The result of the comparison between the two resonators shows that the resonator 100 of this embodiment makes its radiation loss much smaller than the radiation loss in the related art, while maintaining high power handling capability. Accordingly, the Q value is 36000, which is more than one hundred times as high as 330. Thus, the resonator 100 of this embodiment can achieve both high power handling capability and a high Q value.

Second Embodiment

A resonator of a second embodiment of the present invention is a resonator of a microstripline structure, and is the same as the resonator of the first embodiment in having a line structure that is formed with resonance lines having current standing waves generated in the lines in a resonant state and having currents flowing in the opposite directions from each other in each two adjacent lines, and a connection line that connects the resonance lines at the portions having in-phase voltages among the nodes of the current standing waves of the resonance lines in a resonant state. The microstripline structure and the actions and effects of the resonator are the same as those of the first embodiment, and therefore, explanation of them is omitted herein.

The resonator of this embodiment has a single line structure that is formed with resonance lines of substantially the same shapes having an electrical length odd-number times as large as 180 degrees in terms of resonance frequency, and a connection line that connects the resonance lines to one another at the portions that are geometrically equivalent to one another and each have an electrical length approximately integral-number times as large as 180 degrees from the end portion of the resonance line in terms of resonance frequency. The line structure includes three or more resonance lines, and each of the resonance lines has a hairpin-like shape formed with two substantially parallel linear portions connected by a bent portion. The connection line has a ring-like or disk-like shape, and the resonance lines are connected to the connection line in a radial fashion with respect to the center of gravity (or centroid or geometric center) of the connection line.

FIG. 4 is a plan view of the stripline pattern of the resonator of this embodiment. As shown in FIG. 4, the resonator 200 has a single line structure 210.

The line structure 210 includes sixteen resonance lines 211 a through 211 p. Each of the resonance lines 211 a through 211 p has a hairpin-like shape formed with two substantially parallel linear lines connected by a bent portion. Each of the resonance lines 211 a through 211 p has an electrical length of 180 degrees in resonance frequency.

One end of each of the resonance lines 211 a through 211 p or each of the portions geometrically equivalent to one another is connected to the others by a ring-like connection line 212. The resonance lines 211 a through 211 p are connected to one another in a radial fashion with respect to the center of gravity of the connection line 212. Between each two adjacent resonance lines, the angle formed by geometrically equivalent portions is almost the same.

The connected end portions of the resonance lines 211 a through 211 p are open to the ground, and therefore, serve as the nodes of current standing waves in a resonant state. Accordingly, the voltages to be judged from the directions of currents are in phase. Although the connection line 212 has a ring-like shape here, the connection line 212 may have a disk-like shape instead.

In the resonator 200 of this embodiment, each of the resonance lines has a hairpin-like shape having an electrical length approximately odd-number times as large as 180 degrees in resonance frequency. Accordingly, when current standing waves are generated in the lines in a resonant state, the currents in each two adjacent lines flow in the opposite directions from each other. For example, the lines of the resonance line 211 a connected by a bent portion are adjacent to each other, and the currents in the adjacent lines flow in the opposite directions from each other. One line of the resonance line 211 a and one line of the resonance line 211 b are adjacent to each other, and the currents in the two adjacent lines also flow in the opposite directions from each other. Accordingly, the currents in each two adjacent lines flow in the opposite directions from each other in a resonant state.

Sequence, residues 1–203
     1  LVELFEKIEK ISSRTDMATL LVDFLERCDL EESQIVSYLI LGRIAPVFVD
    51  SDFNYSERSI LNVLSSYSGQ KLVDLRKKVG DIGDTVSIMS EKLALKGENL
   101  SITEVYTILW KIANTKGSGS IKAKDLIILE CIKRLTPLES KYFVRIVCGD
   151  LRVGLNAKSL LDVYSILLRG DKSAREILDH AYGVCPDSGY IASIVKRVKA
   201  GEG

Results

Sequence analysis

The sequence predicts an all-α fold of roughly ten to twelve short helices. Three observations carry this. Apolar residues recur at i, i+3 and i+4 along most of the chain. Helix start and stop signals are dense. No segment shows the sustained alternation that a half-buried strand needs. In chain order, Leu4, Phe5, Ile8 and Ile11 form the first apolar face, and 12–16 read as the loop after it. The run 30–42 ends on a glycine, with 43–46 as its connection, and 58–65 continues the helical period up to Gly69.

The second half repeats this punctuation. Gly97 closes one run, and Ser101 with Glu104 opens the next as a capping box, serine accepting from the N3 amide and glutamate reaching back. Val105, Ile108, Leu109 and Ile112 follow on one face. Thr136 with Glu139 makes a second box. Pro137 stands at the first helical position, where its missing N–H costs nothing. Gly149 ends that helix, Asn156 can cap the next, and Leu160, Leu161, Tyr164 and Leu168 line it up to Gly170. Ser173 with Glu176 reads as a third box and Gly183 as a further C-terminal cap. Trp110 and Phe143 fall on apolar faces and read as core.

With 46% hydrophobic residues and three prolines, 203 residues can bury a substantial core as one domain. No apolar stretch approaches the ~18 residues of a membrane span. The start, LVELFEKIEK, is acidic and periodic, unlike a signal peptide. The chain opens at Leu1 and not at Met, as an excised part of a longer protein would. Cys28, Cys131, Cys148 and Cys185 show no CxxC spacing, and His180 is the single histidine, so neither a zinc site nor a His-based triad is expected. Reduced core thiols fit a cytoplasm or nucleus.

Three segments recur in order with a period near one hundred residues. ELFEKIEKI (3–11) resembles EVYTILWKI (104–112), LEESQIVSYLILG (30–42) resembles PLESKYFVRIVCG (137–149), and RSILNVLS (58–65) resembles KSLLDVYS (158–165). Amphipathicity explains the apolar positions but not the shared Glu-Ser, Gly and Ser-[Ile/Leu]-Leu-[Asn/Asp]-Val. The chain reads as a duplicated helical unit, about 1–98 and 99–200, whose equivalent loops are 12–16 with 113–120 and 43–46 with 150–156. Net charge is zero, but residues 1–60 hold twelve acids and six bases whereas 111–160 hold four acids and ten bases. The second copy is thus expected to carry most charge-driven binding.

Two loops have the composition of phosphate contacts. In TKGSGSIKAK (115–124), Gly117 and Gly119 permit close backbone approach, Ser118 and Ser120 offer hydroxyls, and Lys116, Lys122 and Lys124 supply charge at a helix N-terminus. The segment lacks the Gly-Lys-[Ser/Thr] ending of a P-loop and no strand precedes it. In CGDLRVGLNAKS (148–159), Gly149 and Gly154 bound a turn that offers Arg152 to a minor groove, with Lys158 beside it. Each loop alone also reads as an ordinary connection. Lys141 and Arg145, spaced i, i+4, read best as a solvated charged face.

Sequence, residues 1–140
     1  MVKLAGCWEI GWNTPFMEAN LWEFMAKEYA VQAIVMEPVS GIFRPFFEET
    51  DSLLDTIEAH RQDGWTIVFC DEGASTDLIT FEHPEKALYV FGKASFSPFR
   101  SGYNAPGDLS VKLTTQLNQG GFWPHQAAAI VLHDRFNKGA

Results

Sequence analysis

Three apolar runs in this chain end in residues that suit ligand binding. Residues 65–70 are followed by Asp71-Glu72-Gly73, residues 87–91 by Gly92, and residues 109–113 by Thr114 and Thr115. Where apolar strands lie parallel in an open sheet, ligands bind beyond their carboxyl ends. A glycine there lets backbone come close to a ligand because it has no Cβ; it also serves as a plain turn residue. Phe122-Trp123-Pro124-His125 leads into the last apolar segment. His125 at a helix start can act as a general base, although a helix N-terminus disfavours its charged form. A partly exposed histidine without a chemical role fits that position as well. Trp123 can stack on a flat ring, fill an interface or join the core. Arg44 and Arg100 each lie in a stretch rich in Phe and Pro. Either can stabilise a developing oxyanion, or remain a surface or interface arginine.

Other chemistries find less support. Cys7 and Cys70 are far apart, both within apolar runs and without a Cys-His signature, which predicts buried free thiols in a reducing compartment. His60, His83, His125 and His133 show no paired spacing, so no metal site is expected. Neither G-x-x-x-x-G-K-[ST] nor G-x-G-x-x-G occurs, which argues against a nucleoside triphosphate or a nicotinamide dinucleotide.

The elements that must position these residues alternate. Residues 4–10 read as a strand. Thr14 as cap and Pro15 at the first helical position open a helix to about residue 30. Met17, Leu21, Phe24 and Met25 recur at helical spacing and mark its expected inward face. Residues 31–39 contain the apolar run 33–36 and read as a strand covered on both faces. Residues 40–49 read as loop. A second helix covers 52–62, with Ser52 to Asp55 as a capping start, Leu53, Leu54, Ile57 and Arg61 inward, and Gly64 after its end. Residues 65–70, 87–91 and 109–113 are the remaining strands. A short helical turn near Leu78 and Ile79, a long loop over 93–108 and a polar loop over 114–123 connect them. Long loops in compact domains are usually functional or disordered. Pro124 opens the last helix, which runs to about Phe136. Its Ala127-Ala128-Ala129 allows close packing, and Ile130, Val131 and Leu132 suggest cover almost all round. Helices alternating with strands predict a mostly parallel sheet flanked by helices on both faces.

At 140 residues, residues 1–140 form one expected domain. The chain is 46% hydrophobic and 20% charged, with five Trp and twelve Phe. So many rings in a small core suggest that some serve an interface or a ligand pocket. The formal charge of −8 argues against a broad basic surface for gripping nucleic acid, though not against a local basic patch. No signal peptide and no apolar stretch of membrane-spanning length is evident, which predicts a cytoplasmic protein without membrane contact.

FIG. 5 shows the results of an electromagnetic field simulation performed to check the current distribution in a resonant state of the resonator of this embodiment. In FIG. 5, the length of the arrows represents the magnitude of currents, and the orientations of the arrows represent the directions of the currents. Current standing waves that use the center portions of the respective resonance lines as antinodes and use both ends of each resonance line as nodes are generated in the resonance lines 211 a through 211 p. Currents flowing in the opposite directions from each other in a resonant state are generated in each two adjacent lines of the resonance lines.

Next, the results of evaluations made on the power handling capability and the Q value of the resonator 200 having the structure illustrated in FIG. 4 are described. In the resonator 200, the resonance frequency is 5350 GHz, the line width of each of the resonance lines is 0.5 mm, the line width of the connection line is 0.5 mm, and the lengths of all the resonance lines are the same.

The resonator 200 is formed by patterning the YBCO superconductive thin film on the sapphire substrate. After the resonator 200 is cooled by a refrigerator, the power handling capability and the Q value are evaluated in the same manner as in the first embodiment. The results show that the power handling capability is 7.5 W, and the Q value is 30000. A Q value derived from radiation loss is calculated through an electromagnetic field simulation, to obtain the value of 82000.